The noble commitment of Western NSW emergency service volunteers to their communities could not be better demonstrated by the time they devoted in the recent floods to saving lives and property.
They spent an incredible 180,000-hours-plus in appalling conditions doing the job. The NSW government says those hours equal $10 million worth of “outstanding community service”. Those hours are equivalent to 22,500 eight-hour working days.
The volunteers, including 450 from the SES, responded to more than 4200 requests for help and carried out 130 flood rescues since August 30.
They are staggering statistics. The workload is phenomenal.
The floods spread devastation across the region. The estimate for total agricultural damage is more than $720 million with more than 145,314 hectares of pasture losses. The figures are expected to rise as more landholders report damage. Many crops will be a complete loss.
In the endless weeks of heavy rain volunteers were out there in all weather conditions and situations – many of them risky.
The volunteers involved in this massive safety exercise perform their roles without pay. They often do it without personal recognition. They are not looking for either. Their reasons for giving are varied but one thing is clear … they are absolutely dedicated to their communities.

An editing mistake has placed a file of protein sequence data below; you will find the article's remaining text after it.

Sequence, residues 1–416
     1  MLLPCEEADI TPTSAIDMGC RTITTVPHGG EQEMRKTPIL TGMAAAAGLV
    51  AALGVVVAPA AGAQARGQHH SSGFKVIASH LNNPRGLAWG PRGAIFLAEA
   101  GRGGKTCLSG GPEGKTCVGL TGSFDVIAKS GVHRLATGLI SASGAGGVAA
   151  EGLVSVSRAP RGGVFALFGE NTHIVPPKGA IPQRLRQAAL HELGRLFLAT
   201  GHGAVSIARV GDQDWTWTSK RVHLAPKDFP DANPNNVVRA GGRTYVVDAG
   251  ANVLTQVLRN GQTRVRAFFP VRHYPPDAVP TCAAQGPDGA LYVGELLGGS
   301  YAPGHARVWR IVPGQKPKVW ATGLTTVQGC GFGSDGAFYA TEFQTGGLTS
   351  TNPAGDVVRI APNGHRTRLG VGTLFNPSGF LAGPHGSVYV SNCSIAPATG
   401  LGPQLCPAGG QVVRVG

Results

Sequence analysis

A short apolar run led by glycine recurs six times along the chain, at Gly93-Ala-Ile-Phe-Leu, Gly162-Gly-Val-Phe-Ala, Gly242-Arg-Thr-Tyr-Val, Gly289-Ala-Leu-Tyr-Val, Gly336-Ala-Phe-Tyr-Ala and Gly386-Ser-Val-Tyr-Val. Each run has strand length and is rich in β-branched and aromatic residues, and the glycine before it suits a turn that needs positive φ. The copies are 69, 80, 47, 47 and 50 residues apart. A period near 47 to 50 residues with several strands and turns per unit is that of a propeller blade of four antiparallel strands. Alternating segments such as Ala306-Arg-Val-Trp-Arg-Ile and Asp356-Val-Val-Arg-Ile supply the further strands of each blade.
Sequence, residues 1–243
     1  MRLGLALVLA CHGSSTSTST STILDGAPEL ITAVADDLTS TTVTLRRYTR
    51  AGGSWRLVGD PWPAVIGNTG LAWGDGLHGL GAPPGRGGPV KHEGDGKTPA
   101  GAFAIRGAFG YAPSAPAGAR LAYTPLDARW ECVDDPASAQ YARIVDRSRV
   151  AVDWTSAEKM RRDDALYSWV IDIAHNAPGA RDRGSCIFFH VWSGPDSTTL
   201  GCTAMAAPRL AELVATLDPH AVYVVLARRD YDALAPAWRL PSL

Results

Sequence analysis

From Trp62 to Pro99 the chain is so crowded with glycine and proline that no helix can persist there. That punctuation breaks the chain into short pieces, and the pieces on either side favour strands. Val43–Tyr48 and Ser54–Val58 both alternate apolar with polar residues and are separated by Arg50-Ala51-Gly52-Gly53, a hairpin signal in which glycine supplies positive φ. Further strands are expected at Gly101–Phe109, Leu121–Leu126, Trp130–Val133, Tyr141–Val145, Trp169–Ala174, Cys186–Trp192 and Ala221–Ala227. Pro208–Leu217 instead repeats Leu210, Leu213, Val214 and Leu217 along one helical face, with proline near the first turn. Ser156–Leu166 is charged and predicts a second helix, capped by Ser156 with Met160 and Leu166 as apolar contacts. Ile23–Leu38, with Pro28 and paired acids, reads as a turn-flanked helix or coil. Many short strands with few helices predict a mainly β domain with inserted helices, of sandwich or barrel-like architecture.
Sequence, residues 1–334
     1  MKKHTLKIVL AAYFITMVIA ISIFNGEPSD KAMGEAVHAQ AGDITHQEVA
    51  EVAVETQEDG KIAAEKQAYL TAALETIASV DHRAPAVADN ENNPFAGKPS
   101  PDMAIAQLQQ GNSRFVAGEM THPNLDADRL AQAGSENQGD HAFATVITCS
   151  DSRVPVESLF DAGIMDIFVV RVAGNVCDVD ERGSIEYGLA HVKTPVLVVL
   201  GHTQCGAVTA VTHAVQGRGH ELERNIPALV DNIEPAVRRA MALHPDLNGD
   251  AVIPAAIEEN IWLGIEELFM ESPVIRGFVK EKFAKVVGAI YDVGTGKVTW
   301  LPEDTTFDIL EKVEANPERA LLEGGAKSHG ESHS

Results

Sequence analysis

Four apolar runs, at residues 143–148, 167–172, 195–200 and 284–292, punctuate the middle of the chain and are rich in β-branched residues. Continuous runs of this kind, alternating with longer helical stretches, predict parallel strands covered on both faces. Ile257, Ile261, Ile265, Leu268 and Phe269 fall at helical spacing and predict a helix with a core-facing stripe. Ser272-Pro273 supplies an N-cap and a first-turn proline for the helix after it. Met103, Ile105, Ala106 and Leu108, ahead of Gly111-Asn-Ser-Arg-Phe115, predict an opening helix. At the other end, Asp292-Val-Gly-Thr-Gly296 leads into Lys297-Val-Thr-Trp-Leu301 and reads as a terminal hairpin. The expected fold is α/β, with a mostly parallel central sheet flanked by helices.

Unsung heroes to be sure.
We should not forget the tremendous effort provided by employees in government emergency services, be they paramedics, firefighters, rescue service workers, medical staff and others.
While the devastation was massive, communities could be comforted that they and the volunteers “had our backs”.
The volunteers were praised on Thursday by Deputy Premier and Police Minister Troy Grant and Emergency Services Minister David Elliott.
Mr Grant said: “They all deserve our utmost admiration for volunteering to assist communities in times of extreme hardship and sacrificing time with their families or at their jobs. They deserve the entire state’s gratitude.”
Mr Elliott said: “We thank them for continuing to selflessly put the needs of their community ahead of their own.”
We could not agree with them more.
What would we ever do without these local heroes?